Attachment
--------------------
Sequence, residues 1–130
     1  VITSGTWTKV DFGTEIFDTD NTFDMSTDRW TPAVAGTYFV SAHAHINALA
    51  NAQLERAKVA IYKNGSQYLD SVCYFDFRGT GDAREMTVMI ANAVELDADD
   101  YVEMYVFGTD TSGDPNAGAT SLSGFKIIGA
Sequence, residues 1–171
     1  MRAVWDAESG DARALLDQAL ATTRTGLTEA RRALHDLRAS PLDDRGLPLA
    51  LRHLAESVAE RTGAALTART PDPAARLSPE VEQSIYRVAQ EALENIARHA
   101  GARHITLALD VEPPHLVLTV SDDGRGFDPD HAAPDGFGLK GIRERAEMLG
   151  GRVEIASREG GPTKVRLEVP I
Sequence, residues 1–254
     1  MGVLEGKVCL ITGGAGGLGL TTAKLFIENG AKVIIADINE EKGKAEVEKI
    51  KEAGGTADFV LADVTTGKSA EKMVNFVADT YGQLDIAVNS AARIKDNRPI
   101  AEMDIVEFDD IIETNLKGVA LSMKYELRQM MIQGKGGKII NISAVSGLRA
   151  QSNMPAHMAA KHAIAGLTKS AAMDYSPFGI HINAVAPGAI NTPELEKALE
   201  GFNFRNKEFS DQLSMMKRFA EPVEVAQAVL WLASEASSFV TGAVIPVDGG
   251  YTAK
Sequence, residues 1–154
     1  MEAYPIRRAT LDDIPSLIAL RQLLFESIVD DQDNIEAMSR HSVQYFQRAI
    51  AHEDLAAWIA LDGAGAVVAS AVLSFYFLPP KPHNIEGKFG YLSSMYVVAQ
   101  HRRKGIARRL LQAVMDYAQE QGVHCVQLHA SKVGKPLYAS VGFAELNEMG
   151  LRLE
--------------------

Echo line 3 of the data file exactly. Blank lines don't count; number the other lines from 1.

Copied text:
    51  NAQLERAKVA IYKNGSQYLD SVCYFDFRGT GDAREMTVMI ANAVELDADD